A criminal court in the Egyptian capital Cairo has postponed until June 25 a trial in which Mohamed Morsi, the deposed president, and 10 others are charged with leaking classified documents to Qatar.
Morsi appeared in Sunday's session for the first time wearing the red uniform reserved for prisoners to be executed.
The same court on Tuesday sentenced him and five others to death on charges including "murder" and "attempted murder" during a prison break from the Wadi Natroun prison in 2011.
Sunday's trial came as part of the fourth trial against Morsi since his overthrow.
Morsi has already been sentenced to 20 years in prison in another case, death in the Wadi Natroun jailbreak case and to life in jail over alleged leaks to foreign powers including Hamas, the Palestinian faction which rules the Gaza Strip, and Hezbollah, the Lebanese Shia armed group.
Related: Egypt faces condemnation over Morsi death sentence
Since Morsi's overthrow, the Egyptian authorities have led a sweeping crackdown on suspected Islamists, which has seen hundreds killed and thousands thrown in jail.
No former Egyptian president has ever worn the red outfit before.
The spiritual leader of Egypt's outlawed Muslim Brotherhood, Supreme Guide Mohamed Badie, has, however, previously appeared in the bright uniform.
The government has banned the 86-year-old Muslim Brotherhood, designating it a" terrorist organisation".
In April 2014, Badie was first sentenced to death with 682 others over clashes in Minya following the deadly dispersal of pro-Morsi sit-ins in Cairo in August 2013.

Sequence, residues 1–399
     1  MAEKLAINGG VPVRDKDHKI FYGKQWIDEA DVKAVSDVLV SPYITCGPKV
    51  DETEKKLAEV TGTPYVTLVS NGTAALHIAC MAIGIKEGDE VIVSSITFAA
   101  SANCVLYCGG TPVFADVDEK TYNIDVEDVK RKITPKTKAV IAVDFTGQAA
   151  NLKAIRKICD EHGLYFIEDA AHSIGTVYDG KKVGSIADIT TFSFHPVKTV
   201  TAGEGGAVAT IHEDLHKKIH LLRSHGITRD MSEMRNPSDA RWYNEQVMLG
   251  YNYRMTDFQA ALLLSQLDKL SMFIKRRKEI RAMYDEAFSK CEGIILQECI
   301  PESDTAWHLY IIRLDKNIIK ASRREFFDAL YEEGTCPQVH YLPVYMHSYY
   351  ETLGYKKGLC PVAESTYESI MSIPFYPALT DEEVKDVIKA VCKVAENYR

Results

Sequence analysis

The sentence was then overturned, and a retrial ordered in the case. Then he was sentenced again to death twice.
Women condemn detentions
In another development on Sunday, dozens of women held a vigil outside Egypt's presidential palace, challenging a law that restricts protests and calling for the release of people detained for violating the controversial measure.
Organisers said they did not seek prior permission from authorities to stage the vigil near the palace of President Abdel Fattah el-Sisi.
Police formed a cordon around the women, who raised photos of detainees.
Some protesters raised banners that read: "Ramadan is not the same without you," in reference to the Muslim holy month of fasting that brings families together.
The protest law, in place since 2013, criminalises any gathering of more than five people without prior police permission, and imposes hefty fines and prison sentences on violators.
Authorities said the law is necessary to end the chaos that plagued Egypt since its 2011 revolt.
Activists said the law is used to muzzle critics. Thousands of people have been detained over the law, with some sentenced to as many as 15 years for protesting and allegedly using violence.
Yara Sallam, prominent women rights defender, and activist Sanaa Seif, who hails from a well-known family of rights defenders, were arrested exactly a year ago outside the palace for opposing the law and are currently serving two-year sentences along with 21 other activists.
Some in Sunday's protest posted on their Twitter accounts that journalists were harassed, with one of them saying that his pictures of the protest were deleted by police.
There were no reported arrests.
Source: Al Jazeera and agencies